Scientists are reporting an advance toward overcoming a major barrier to tapping the potential of traditional Chinese medicine (TCM) and India's Ayurvedic medicine in developing new and more effective modern drugs. Their report appears in ACS' Journal of Chemical Information and Modeling.
Andreas Bender and colleagues explain that TCM has made key contributions to modern medicine. In the world's largest international clinical trial, for instance, scientists concluded that Artesunate, a derivative of the Chinese herb qinghao, should replace quinine as a treatment for severe malaria in both adults and children worldwide. Traditional medicines have a track record in benefiting human health that spans thousands of years. However, gaps in knowledge about how these medicines work in the body, their "mode of action" (MOA) -- limit their use today. Information about a drug's MOA is important for better understanding of both the beneficial effects and side effects of treatments.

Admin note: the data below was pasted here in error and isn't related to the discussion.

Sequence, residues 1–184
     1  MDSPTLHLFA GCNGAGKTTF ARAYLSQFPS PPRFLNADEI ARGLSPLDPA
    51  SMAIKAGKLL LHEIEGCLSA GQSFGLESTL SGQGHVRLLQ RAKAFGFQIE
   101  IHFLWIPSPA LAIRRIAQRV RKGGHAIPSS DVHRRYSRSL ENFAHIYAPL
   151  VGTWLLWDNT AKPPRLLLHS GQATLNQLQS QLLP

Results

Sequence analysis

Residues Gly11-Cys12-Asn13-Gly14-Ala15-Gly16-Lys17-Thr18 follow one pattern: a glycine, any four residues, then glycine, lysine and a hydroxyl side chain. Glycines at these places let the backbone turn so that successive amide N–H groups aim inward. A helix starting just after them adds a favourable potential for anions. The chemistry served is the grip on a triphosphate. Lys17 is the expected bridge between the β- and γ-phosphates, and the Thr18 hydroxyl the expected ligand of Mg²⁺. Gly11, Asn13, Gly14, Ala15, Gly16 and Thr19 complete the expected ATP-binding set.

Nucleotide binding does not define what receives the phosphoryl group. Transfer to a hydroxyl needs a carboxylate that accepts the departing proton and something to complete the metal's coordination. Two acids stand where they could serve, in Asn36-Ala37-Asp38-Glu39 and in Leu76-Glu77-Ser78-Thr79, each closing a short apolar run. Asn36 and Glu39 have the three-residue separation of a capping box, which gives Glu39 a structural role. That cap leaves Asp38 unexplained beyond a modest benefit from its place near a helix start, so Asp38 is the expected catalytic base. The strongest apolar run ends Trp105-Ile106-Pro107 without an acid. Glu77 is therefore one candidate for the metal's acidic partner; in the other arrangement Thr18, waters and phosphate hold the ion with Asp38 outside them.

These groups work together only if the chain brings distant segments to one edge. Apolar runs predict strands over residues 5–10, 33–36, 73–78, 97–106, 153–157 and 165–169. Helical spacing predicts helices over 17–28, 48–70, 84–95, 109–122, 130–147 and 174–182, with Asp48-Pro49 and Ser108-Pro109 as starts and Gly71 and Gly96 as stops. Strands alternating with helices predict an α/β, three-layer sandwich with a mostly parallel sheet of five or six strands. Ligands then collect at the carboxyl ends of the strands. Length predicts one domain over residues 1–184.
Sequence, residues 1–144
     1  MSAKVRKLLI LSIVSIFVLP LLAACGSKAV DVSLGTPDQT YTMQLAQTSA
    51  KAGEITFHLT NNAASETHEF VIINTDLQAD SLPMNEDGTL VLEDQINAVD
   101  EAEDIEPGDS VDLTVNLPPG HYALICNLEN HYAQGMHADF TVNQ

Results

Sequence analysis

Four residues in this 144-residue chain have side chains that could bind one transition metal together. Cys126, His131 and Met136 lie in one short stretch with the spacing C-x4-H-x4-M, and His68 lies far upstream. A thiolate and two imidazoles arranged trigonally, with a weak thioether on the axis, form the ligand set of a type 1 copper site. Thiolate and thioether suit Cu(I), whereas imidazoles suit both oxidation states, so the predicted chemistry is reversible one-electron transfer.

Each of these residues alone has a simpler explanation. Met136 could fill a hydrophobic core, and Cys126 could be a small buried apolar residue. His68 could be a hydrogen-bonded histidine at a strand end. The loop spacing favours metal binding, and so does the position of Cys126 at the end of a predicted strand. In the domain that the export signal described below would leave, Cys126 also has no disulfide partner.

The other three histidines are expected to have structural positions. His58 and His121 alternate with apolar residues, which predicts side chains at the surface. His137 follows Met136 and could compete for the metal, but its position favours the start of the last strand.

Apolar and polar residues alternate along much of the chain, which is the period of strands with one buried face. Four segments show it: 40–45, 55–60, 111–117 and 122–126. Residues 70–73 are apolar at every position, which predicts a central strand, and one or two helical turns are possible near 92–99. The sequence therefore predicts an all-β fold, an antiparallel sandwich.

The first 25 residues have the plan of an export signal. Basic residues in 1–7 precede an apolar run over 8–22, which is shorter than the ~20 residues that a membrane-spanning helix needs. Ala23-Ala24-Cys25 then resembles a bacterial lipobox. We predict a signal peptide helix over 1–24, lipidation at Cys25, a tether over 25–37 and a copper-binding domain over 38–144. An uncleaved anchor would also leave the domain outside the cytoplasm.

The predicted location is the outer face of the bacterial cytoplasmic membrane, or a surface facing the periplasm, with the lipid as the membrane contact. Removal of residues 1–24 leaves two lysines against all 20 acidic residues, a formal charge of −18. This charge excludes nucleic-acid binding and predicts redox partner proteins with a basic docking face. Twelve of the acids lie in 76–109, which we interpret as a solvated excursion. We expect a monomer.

They describe an algorithm that can help explain how these substances work in the body, and use of it to help understand the MOA of traditional anti-inflammatory medicines. An algorithm is a step-by-step procedure to generally analyze data, which the scientists applied to predicting how the active chemical ingredients in traditional medicines affect biological processes. "By establishing the MOA of these compounds, the gap between Western and traditional medicine can be reduced," the report concluded.
The authors acknowledge funding from Unilever, Universiti Teknologi MARA (UiTM) and the Ministry of Higher Education of Malaysia.
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